Q: My 2007 Chrysler Town & Country minivan has 75,000 miles. The driver’s side passenger door has rusted through at the bottom. Three body shop estimates for the rusty door replacement come in about $1,800. Otherwise, the mechanicals seem fine. Is it time to buy a new van, focus on replacing the rusty sliding passenger door or ignore and drive the vehicle into the ground?
A: This is a common conundrum for owners of “mid-life” vehicles. Not knowing the exact model you have, I’ll use the T&C LX 3.3-liter V-6 for the example. Checking Kelley and NADA Blue Book values, trade-in is $3,700 to $5,700 depending on condition. Noting the rusted door and the near $2,000 repair cost, let’s work with $3,700 trade-in value.
Your options are: 1) DIY door repair with bondo, duct tape, expanding foam insulation and spray paint, or a used door from salvage yard — perhaps $100 to $200. 2) Spend $1,800 to properly repair/replace sliding door. 3) Accept roughly $3,700 trade-in value on replacement vehicle. Even this might be somewhat high due to the “rust-through” on the sliding door.
Options 1 and 2 assume you will continue to drive the vehicle until it is fully depreciated, rusted out, used up and ready for the salvage yard. In this case, the $2,000 “proper” repair is basically for cosmetics only and does not add value, life expectancy or reliability to the vehicle. The DIY repair may not look particularly attractive, but it would suffice in this case.
Option 3 effectively includes the cost of “proper” repair as reduced trade-in value for your vehicle “as is.” Trade-in value in “average/good” condition is in the $4,500 to $5,000 range. The difference in trade-in value, roughly $1,000, reflects the fact that the dealer can repair the door for significantly less than you can.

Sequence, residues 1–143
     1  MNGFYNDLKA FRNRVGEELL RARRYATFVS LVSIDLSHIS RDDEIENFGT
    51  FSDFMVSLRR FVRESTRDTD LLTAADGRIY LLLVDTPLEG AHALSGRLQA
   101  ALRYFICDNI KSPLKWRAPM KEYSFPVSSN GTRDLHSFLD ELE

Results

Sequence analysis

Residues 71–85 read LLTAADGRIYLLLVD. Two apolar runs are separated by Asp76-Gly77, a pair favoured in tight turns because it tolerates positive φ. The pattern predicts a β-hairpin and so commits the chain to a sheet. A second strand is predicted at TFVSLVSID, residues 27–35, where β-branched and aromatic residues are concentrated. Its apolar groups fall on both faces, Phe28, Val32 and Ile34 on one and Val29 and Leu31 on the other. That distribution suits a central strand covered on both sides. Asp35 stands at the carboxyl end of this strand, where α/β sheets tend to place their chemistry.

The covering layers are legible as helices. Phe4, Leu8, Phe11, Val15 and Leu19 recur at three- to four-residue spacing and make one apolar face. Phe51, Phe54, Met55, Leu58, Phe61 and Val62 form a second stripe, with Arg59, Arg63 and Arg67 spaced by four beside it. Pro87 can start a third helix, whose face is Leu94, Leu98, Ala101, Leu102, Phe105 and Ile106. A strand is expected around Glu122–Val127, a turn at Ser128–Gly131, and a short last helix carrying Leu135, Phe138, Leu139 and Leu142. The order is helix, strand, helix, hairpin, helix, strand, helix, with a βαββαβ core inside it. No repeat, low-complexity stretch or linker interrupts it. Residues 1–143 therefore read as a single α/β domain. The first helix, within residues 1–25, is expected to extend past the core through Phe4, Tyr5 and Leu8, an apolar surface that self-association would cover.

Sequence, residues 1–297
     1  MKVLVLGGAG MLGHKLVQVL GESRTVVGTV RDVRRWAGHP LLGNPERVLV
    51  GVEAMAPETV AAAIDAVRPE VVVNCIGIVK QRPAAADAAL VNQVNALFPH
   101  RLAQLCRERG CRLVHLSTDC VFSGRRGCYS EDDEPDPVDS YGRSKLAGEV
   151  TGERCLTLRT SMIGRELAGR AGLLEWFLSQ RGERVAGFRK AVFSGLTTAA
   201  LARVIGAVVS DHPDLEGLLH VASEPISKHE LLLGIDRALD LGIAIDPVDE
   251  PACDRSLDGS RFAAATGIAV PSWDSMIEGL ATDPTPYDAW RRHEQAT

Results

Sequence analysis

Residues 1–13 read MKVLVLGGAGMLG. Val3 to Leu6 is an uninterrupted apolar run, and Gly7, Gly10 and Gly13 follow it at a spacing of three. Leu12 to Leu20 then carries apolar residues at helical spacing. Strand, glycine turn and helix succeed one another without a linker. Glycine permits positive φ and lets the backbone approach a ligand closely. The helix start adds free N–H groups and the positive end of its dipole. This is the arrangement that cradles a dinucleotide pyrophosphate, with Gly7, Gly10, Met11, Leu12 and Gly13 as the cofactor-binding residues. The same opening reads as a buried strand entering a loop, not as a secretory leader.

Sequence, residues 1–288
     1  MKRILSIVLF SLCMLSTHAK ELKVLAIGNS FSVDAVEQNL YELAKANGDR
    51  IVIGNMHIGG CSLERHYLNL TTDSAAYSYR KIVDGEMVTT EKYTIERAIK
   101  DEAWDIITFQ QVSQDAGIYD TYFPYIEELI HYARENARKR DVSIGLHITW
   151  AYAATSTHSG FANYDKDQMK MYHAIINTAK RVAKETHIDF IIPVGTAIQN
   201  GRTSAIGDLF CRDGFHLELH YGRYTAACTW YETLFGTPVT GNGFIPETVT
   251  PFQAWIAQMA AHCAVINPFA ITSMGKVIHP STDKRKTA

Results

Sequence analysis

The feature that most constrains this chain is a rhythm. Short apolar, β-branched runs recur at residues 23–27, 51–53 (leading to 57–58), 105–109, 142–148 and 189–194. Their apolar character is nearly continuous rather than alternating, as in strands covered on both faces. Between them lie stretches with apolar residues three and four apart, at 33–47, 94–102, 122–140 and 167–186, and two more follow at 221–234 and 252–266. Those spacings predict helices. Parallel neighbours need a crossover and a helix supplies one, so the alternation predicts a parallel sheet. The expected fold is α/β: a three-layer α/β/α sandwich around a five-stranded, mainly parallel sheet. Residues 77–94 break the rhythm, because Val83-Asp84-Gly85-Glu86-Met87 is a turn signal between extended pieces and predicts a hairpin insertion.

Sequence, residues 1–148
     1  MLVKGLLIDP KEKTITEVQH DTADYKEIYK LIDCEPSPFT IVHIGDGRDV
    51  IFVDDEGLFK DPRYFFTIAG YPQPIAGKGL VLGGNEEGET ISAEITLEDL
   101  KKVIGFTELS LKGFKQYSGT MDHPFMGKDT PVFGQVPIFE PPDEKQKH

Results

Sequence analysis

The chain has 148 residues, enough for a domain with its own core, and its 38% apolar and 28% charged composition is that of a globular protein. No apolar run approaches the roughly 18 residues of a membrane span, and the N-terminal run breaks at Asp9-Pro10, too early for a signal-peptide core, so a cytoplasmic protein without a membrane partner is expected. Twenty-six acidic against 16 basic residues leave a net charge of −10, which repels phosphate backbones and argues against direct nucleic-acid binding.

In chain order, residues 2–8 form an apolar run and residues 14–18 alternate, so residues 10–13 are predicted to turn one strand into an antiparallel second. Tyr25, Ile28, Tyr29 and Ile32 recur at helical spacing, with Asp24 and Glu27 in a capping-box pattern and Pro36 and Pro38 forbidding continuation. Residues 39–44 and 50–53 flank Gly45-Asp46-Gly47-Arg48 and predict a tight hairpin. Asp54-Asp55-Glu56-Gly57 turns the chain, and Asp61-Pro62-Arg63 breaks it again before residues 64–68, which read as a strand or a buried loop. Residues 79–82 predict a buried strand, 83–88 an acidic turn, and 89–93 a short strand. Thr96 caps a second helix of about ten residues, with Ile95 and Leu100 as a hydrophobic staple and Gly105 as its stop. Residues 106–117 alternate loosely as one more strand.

Which may be a key to your decision. By trading your rusted van on a new van, you effectively save about half the cost of “proper” repair. Plus you save the sales tax on the value of your trade-in. You also eliminate additional mechanical/body issues in the later years of your vehicle’s life and you get all the benefits of driving a new vehicle. At the cost of the new van, of course.
In my earlier years, I always chose option 1 — the lowest-cost DIY option. Today, I’d be more likely to chose option 3 — the easiest and most hassle-free choice.
Q: I have a 2005 Chevy Malibu. While driving I have lost power steering and forward motion but the engine keeps running. I turned it off and on, and it drove fine for a couple weeks. Now it has happened again. Do you have any idea what this could be?
A: I’m somewhat surprised you haven’t taken the vehicle into a shop or the dealership yet — the loss of power steering is a potential danger. My ALLDATA automotive database identified GM special bulletin 10183A dated May 2012 outlining “Special Coverage Adjustment Power Steering Assist” for 10 years/150,000 miles. This bulletin is an extension of GM’s original bulletin covering loss of power assist due to “electrical input signal within the steering column.” Check with your dealer to see if your vehicle is covered by this extended warranty.